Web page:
The European Commission has opened an in-depth investigation into the Dutch telecoms regulator's (ACM's) analysis. While ACM finds that the fibre lines in the market in question are competitive, it concludes that KPN has Significant Market Power (SMP) and its copper lines in the same market need to be regulated.

In its draft decision, ACM analysed the wholesale market for high-quality broadband services provided at a fixed location in the Netherlands. ACM concluded that a number of regulatory remedies (including access) should be imposed on the copper network of Dutch fixed and mobile telecommunications company KPN. On the contrary, its fibre network would be left completely unregulated. The Commission has serious doubts that ACM's SMP finding and market definition are compatible with EU law.

Under the EU Framework and Access Directives, Telecoms regulators shall define relevant markets and determine whether those are effectively competitive. Where a Telecom regulator determines that a relevant market is not effectively competitive, it shall identify undertakings which individually or jointly have SMP on that market. The Telecom regulator can then decide to impose specific remedies on operators with SMP to allow alternative operators to compete more effectively, so that consumers may get the best choice. These remedies typically include the obligation to provide access for alternative operators to specific elements of the network.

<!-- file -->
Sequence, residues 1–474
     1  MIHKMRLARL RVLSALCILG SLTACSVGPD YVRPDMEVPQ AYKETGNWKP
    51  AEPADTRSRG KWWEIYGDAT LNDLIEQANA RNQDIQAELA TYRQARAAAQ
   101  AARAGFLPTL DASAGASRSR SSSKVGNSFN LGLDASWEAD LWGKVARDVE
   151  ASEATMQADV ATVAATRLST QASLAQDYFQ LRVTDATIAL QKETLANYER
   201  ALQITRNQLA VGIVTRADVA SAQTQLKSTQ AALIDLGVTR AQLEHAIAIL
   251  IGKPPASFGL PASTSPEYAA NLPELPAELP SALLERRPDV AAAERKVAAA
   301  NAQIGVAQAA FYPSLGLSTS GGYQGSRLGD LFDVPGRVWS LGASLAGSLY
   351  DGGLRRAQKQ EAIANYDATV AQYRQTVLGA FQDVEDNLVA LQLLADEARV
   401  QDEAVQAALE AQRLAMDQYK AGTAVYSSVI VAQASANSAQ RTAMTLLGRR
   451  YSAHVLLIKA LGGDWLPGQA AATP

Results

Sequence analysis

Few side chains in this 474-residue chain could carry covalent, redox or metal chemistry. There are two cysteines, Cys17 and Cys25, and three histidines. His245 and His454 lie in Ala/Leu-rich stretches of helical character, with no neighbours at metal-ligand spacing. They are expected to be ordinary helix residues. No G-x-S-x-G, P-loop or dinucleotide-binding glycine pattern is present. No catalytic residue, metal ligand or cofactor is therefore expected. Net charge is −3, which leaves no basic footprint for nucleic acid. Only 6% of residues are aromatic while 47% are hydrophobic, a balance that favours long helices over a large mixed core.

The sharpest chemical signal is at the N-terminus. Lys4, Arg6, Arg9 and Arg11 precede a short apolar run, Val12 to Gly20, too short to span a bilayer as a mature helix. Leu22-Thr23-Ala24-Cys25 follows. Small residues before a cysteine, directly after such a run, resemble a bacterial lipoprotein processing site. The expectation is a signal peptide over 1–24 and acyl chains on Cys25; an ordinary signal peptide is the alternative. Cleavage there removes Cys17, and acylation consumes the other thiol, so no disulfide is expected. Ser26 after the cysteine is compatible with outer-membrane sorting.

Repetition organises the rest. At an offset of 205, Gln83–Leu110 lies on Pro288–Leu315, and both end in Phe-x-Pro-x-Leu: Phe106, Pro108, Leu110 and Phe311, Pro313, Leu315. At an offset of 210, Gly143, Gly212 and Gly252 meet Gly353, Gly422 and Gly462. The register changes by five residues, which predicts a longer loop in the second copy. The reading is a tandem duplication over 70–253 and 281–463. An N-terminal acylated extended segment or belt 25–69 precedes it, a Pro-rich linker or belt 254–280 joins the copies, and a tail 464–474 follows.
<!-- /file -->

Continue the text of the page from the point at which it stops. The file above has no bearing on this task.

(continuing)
In the present case, ACM concludes that KPN has significant market power, but is not giving due consideration to the competitive pressure that fibre lines (included in the relevant market) exert over copper lines. ACM expects the number of fibre lines in the high-quality access market to double the number of copper lines during the next three years. In addition, ACM puts forward that there are no competitive problems in the fibre segment of the market under review given that the upstream fibre market is effectively competitive. As regards copper, access seekers can get (both physical and virtual) access to upstream regulated products in order to provide high-quality services. On that basis, the Commission has serious doubts regarding ACM's finding of SMP in the overall market for wholesale high-quality access provided at a fixed location.

Even if KPN were to be deemed to hold SMP, the Commission considers at this stage, in the light of the argumentation provided by ACM, that KPN would probably only be dominant in a segment of the market. This would point towards the definition of at least two separate markets for high-quality access. On that basis, the Commission has serious doubts regarding ACM's market definition.

Therefore, the Commission has serious doubts that ACM's proposed measure is contrary to the provisions of EU telecoms rules. The Commission now has two months to either lift its reservations or issue a veto decision under Article 7 of the Framework Directive, which will require ACM to amend or withdraw its draft measure within six months of the date of the Commission's decision. The Commission shall take utmost account of the opinion of the body of European regulators (BEREC) before issuing a decision.

Find more information on article 7 procedures.

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